1.2.8 Should the Homeowner File for Bankruptcy to Protect the Home?
Filing bankruptcy triggers an automatic stay for most debtors, freezing the creditor’s ability to foreclose on the home. An emergency filing of a voluntary petition, along with certification of compliance with the 2005 Act’s credit counseling requirement, stays foreclosure;11 other bankruptcy forms must be filed within fourteen days thereafter. The consumer’s attorney should notify the creditor of the automatic stay. Remedies for violation of the stay include recovery of actual damages, attorney fees, and equitable relief.
Creditors must follow strict procedures in obtaining relief from the stay. Debtors can contest the hearing on the creditor’s request for relief from the stay, demonstrate adequate protection for the creditor, and raise defenses and counterclaims.12 The advocate should also consider the following issues:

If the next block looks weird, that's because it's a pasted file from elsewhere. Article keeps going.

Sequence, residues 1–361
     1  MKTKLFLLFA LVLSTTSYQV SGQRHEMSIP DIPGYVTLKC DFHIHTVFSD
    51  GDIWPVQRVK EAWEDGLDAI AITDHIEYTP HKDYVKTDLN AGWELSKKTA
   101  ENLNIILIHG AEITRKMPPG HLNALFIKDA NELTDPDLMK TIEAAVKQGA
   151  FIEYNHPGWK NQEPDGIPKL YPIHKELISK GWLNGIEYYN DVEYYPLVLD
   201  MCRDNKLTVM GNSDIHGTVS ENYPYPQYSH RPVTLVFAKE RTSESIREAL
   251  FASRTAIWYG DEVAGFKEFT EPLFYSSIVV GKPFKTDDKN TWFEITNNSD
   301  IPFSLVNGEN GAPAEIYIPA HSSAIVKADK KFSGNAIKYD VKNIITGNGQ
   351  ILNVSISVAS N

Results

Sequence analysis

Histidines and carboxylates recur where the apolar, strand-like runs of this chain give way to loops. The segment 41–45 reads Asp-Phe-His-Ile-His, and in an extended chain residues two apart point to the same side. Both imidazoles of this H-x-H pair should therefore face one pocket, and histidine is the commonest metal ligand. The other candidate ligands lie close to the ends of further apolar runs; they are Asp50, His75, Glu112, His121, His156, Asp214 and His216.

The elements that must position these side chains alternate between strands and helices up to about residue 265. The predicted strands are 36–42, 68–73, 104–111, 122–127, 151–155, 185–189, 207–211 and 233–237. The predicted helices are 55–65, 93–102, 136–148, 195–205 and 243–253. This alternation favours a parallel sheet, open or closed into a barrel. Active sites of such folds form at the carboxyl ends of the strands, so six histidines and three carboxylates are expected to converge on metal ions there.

- ● Can the homeowner use a chapter 13 bankruptcy to cure the default? A default on a home mortgage can be cured within a reasonable period of time, typically three to five years. In some limited instances it may be possible to cure a default even after a foreclosure sale has taken place. See § 9.4, infra.
- ● Can the mortgage be “stripped down” to the value of the property? Strip-down is allowed in a chapter 13 case if the mortgage is not secured solely by the debtor’s home and by certain “incidental property” related to the home, or when the mortgage is wholly unsecured because the value of the property is less than the amount of senior liens, or when the last payment under mortgage comes due during the chapter 13 case. See § 9.6, infra.
- ● Can a judicial lien on the home be avoided in bankruptcy to the extent it impairs an exemption? See § 9.7, infra.
- ● When it is not possible to save the home, can it be sold in bankruptcy so that all of the equity is not lost? See § 9.9, infra.
- ● Can TILA rescission, or other substantive defenses, be raised in an adversary proceeding to challenge the creditor’s proof of claim or respond to a motion for relief from stay? See § 22.214.171.124, infra.